1862 Julius Jacob Sketchbook
Well, I understand that this artist is your ancestor.
What was his name?
Julius Jacob. He's from my mother's side of the family, and he's from Germany, and from what I understand from what I read about him, he was a very prolific landscape artist, and this is a sketchbook that he took with him when he went traveling in Europe and did sketches. Some of them are finished, some of them aren't.
It's very interesting. This is... basically, it's almost like a visual travelogue of his journey across... the Alps, wasn't it?
I think it's mostly Austria and Switzerland... And Germany, of course.
And here we see... this is one sketch. And this is the Matterhorn, and he's been very meticulous. They're all dated. I want to turn this over. If you could help me. I'm rather nervous with this book. It's falling apart. Some of the pages are starting to fall out. The binding's gone. But as we go, you can see all these fabulous drawings, and the detail is just extraordinary. And here, they're not all pencil drawings. Here's one that's done in pastel. There were some slight alarm bells went off-- I have to say-- when I was looking at these pastels and also the drawings. If we look on the opposite side here, we can see what's happening. Now, fortunately, there's paper between most of the drawings. Unfortunately, the pastel, as it has a tendency to do, has been lifting. So it's coming off. It's been a little bit scuffed in places, and I do urge you to do something about this. You need to see a paper conservator and have this book treated properly and have these probably fixed so that they don't start smudging, which is a real problem with pastel. If we go a little further on... I also found that some of them in fact fold out. Look at this. Here's this whopping big drawing. And just look at this detail-- it's extraordinary. And you can imagine him perched up aloft with his pencil and paper, and sketching these mountain ranges. So as a topographical record of that time, it's terrific. Now, I'm terrible in math. I'm the first to admit that. But I went through, and I was looking at the drawings and mentally toting everything up. So I can't tell you exactly how many drawings are in here. But there's quite a number of them-- varying in quality and size. But generally, I would say, of a pretty good quality. I came up with a figure, altogether, that was somewhere in the region of $25,000 to $40,000.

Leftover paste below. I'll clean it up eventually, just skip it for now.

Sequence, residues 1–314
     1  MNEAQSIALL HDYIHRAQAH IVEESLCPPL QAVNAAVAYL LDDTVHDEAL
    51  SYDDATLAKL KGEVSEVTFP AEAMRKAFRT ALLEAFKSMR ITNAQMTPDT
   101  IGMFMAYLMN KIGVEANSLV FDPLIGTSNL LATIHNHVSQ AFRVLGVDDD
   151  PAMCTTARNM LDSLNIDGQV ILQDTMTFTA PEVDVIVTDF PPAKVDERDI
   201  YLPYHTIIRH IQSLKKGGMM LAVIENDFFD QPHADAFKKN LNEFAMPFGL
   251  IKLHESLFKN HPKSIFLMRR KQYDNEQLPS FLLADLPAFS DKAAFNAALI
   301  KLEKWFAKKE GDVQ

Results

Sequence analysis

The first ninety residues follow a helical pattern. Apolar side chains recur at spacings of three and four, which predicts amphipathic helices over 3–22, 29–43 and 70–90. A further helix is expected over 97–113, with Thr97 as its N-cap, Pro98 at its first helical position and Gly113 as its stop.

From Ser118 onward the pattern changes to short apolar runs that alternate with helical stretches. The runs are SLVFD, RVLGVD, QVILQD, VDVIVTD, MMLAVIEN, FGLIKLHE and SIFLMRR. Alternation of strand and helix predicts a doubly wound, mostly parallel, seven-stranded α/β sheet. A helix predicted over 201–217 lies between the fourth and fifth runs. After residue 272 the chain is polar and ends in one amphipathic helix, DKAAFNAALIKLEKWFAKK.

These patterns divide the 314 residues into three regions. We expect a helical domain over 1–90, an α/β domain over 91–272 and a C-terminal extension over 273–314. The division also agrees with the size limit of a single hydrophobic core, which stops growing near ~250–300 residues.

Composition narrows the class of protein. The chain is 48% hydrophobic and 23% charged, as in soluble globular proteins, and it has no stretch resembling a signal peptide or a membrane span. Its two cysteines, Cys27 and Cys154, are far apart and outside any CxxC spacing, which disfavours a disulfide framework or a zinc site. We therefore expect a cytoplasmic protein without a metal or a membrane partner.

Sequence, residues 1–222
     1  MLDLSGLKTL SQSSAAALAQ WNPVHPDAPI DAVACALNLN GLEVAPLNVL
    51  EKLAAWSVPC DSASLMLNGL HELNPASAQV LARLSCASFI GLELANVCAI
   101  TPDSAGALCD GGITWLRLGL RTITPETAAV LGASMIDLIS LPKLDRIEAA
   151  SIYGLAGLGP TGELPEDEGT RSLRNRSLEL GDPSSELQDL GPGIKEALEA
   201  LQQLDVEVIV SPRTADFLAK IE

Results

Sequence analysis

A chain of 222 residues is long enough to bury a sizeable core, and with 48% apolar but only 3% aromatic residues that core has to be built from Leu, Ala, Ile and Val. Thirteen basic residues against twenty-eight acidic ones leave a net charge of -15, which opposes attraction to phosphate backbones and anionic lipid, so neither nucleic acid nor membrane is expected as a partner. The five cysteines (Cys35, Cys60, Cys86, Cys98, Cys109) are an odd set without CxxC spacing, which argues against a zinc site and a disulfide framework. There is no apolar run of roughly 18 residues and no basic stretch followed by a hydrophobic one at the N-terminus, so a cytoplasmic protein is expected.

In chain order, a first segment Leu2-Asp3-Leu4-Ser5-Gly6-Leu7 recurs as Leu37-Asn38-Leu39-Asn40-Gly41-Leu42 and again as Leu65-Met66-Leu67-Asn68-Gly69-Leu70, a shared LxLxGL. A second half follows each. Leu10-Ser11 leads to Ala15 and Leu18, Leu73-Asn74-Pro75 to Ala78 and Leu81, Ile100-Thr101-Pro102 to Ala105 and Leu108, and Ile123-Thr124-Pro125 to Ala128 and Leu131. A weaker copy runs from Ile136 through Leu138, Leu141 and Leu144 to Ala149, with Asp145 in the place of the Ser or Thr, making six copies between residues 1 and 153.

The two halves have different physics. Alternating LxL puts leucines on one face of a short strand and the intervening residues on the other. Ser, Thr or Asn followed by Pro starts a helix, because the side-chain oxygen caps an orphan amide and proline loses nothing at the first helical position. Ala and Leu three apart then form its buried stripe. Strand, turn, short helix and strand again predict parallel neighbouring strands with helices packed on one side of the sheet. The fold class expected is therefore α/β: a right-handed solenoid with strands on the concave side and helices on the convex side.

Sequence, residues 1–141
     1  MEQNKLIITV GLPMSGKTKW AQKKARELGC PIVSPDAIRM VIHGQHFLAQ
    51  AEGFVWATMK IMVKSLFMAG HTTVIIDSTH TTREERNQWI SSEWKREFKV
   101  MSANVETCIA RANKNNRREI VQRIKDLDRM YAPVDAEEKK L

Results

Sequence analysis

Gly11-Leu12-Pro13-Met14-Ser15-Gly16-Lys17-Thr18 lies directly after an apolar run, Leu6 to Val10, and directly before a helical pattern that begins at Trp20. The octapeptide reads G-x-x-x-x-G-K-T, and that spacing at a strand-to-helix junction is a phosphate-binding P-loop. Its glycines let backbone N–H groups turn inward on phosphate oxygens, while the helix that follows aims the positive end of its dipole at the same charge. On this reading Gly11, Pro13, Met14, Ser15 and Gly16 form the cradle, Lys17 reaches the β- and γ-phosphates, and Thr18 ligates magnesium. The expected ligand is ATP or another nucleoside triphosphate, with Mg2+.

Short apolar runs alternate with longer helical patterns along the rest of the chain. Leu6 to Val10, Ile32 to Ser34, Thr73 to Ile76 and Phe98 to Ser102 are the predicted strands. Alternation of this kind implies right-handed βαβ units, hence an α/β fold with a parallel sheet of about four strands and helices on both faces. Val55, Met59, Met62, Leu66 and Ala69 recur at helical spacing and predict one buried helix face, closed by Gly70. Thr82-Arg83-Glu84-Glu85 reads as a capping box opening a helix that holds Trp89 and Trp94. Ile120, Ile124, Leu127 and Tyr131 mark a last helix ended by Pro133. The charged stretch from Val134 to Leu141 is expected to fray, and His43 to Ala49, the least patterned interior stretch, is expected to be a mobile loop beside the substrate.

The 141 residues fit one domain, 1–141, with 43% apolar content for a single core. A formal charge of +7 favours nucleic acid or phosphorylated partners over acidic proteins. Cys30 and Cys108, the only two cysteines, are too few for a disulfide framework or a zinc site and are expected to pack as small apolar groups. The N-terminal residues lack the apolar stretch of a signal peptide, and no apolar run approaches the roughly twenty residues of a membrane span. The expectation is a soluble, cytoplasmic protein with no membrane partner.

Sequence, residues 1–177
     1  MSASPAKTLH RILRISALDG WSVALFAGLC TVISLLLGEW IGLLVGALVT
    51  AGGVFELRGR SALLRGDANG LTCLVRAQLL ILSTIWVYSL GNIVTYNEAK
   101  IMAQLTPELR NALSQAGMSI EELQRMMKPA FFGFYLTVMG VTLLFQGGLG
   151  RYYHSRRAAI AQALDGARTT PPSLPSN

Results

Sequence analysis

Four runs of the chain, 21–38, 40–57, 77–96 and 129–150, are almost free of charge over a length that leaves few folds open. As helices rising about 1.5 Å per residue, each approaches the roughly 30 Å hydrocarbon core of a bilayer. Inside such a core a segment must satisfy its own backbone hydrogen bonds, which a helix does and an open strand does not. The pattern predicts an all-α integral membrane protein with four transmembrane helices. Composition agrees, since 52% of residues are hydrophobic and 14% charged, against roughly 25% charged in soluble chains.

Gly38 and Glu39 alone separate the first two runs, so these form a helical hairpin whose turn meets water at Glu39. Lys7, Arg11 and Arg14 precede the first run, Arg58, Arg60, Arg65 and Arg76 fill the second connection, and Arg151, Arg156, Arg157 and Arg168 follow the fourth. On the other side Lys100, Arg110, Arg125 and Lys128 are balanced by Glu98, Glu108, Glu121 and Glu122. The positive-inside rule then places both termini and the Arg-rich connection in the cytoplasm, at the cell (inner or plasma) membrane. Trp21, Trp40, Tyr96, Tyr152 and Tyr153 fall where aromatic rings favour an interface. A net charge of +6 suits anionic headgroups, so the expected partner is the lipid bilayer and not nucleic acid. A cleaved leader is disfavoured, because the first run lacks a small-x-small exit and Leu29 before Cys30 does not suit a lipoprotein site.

You know, even... let's say, the less good ones, are going to be worth $200 or $300. And some of the better ones, like this, I think would make over $1,000.
Wow! My brother has a whole bunch of his. I've got to call him when I get home.
Executive producer Marsha Bemko shares her tips for getting the most out of ANTIQUES ROADSHOW.
Value can change: The value of an item is dependent upon many things, including the condition of the object itself, trends in the market for that kind of object, and the location where the item will be sold. These are just some of the reasons why the answer to the question "What's it worth?" is so often "It depends."
Note the date: Take note of the date the appraisal was recorded. This information appears in the upper left corner of the page, with the label "Appraised On." Values change over time according to market forces, so the current value of the item could be higher, lower, or the same as when our expert first appraised it.
Context is key: Listen carefully. Most of our experts will give appraisal values in context. For example, you'll often hear them say what an item is worth "at auction," or "retail," or "for insurance purposes" (replacement value). Retail prices are different from wholesale prices. Often an auctioneer will talk about what she knows best: the auction market. A shop owner will usually talk about what he knows best: the retail price he'd place on the object in his shop. And though there are no hard and fast rules, an object's auction price can often be half its retail value; yet for other objects, an auction price could be higher than retail. As a rule, however, retail and insurance/replacement values are about the same.
Verbal approximations: The values given by the experts on ANTIQUES ROADSHOW are considered "verbal approximations of value." Technically, an "appraisal" is a legal document, generally for insurance purposes, written by a qualified expert and paid for by the owner of the item. An appraisal usually involves an extensive amount of research to establish authenticity, provenance, composition, method of construction, and other important attributes of a particular object.
Opinion of value: As with all appraisals, the verbal approximations of value given at ROADSHOW events are our experts' opinions formed from their knowledge of antiques and collectibles, market trends, and other factors. Although our valuations are based on research and experience, opinions can, and sometimes do, vary among experts.
Appraiser affiliations: Finally, the affiliation of the appraiser may have changed since the appraisal was recorded. To see current contact information for an appraiser in the ROADSHOW Archive, click on the link below the appraiser's picture. Our Appraiser Index also contains a complete list of active ROADSHOW appraisers and their contact details and biographies.